Therapeutic Nanotechnology and Immunoengineering for Cellular Therapy in Autoimmune Diabetes and Cancer
- Author(s): Chang, Ryan
- Advisor(s): Desai, Tejal A
- et al.
Cellular therapy has gained impressive momentum in recent years as has the promise to become the third pillar of biomedical therapeutics after small molecule and biologic drugs. Cells have capabilities that are significantly superior to traditional small molecule and biologics that are essential to tackling some of the most difficult to treat diseases. Only cells are able to sense their environments, engage in complex signal processing, and ultimately respond through motility, release of molecules, or engagement of other cell types to elicit a therapeutic response. Indeed, we have already witness exciting advances such as the use of chimeric antigen receptor engineered T cells to kill tumor cells, or the replacement of dysfunctional endogenous cells with stem cells to recapitulate a lost native biological function.
It is becoming increasingly clear that there is a role for biomaterials to play within the paradigm of cellular therapy to facilitate and augment its efficacy. The delivery of cellular products into patients is fundamentally different from the administration of small molecule or biologic drugs, and may require the use of biomaterials for support to ensure optimal viability and function. In addition, material and device engineering may help overcome some challenges in protecting cellular therapeutic products from hazardous host environments, such as the immune response. Finally, materials may be engineered to interact with endogenous or exogenous cells to precisely instruct their fate and function. Here, we illustrate three projects that combine engineered biomaterials with cells as novel strategies to help us understand and overcome challenges in diabetes and in cancer therapy.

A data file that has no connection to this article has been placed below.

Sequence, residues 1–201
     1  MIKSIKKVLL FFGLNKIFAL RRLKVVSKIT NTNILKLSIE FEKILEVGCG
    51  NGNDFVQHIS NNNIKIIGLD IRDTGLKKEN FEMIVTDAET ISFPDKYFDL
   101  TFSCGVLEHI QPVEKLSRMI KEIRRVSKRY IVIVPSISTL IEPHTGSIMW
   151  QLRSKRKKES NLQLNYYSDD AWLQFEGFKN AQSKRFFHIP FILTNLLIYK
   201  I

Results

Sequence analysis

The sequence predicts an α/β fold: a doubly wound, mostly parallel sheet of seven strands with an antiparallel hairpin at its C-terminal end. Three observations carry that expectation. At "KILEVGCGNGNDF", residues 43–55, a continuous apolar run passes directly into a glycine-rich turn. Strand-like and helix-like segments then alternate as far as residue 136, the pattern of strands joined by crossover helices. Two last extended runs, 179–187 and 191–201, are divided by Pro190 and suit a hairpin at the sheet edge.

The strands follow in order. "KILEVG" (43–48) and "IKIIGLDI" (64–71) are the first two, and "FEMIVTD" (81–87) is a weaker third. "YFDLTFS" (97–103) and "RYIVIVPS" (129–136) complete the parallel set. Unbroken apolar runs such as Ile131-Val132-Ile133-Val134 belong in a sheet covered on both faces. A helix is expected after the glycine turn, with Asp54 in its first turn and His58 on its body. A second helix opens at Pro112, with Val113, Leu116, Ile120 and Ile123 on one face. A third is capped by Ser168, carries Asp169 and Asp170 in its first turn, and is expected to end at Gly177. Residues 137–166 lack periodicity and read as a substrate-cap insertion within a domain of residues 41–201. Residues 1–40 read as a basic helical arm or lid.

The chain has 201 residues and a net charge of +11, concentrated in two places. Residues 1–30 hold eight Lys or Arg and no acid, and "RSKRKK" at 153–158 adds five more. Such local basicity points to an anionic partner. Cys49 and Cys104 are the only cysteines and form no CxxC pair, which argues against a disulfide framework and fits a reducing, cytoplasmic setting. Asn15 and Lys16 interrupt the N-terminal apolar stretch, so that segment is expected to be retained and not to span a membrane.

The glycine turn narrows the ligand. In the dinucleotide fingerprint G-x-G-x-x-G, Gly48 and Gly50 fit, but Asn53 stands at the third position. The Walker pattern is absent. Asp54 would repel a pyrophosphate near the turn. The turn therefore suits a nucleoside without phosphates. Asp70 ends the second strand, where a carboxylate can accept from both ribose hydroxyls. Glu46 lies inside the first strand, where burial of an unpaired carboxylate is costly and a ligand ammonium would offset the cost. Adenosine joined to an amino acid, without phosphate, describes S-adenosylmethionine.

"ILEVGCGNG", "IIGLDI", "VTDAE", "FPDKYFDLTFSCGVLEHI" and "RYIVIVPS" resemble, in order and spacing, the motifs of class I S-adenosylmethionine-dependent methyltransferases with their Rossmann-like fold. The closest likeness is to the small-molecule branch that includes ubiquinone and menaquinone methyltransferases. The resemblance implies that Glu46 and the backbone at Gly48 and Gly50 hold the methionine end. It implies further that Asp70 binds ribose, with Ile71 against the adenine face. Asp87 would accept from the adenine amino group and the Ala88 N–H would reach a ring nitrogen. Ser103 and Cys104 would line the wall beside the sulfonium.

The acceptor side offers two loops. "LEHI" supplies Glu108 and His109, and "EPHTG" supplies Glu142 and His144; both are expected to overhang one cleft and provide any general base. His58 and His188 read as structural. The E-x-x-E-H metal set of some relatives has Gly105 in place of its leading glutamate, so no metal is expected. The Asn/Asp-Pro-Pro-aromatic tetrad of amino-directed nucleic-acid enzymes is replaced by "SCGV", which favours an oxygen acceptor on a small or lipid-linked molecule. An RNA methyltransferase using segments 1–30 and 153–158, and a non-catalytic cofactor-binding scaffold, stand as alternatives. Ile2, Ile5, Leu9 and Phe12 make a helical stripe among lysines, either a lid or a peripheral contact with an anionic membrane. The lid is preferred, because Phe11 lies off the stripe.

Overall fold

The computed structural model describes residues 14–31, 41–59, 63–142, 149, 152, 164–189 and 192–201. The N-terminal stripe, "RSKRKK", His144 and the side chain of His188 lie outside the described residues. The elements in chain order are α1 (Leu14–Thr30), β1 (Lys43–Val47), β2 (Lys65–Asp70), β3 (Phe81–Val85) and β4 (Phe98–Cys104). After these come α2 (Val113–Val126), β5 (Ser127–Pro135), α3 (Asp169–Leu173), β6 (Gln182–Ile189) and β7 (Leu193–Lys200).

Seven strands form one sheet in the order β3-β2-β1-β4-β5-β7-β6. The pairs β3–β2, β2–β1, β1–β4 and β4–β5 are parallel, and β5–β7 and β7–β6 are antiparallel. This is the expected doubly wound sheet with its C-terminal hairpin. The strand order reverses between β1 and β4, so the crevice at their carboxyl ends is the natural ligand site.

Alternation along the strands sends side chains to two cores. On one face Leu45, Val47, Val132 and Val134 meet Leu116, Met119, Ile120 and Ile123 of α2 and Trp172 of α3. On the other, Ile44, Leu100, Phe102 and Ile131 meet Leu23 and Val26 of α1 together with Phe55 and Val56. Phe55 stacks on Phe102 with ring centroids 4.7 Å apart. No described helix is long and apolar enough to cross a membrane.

First, we demonstrate the fabrication and use of nanoengineered thin film polymer materials to encapsulate of stem cells for the treatment of diabetes. Through the engineer of nanopores in to encapsulation devices, we show the ability to exclude immune cells and prevent priming of the host immune system. Remarkably, encapsulated stem cell derived beta cells are viable up to 6 months and exhibit glucose sensitive insulin secretion in vivo.
Next, we illustrate the utility of a novel polymer scaffold to facilitate transplantation of islets into previously non-viable sites. In this study, we fabricated highly defined template patterns into polymer scaffolds to optimize islet cluster loading. We show the insulin secretion ability of islets loaded in scaffolds in well preserved. Finally, the islet-scaffold construct transplanted into the epidydimal fat pad successfully controlled blood glucose in diabetic mouse model.
In our final project, we synthesized nanoparticle tumor vaccines inspired by oncolytic viruses to treat solid tumors. Polymeric nanoparticles were loaded with a cocktail of immune adjuvants and a tumor antigen peptide. We demonstrate that these particles can efficiently present antigens to antigen presenting cells to instruct antigen specific T cell activation. Moreover, the polymeric nanoparticle vaccine successfully prevented the outgrowth of tumors in a syngeneic melanoma tumor model.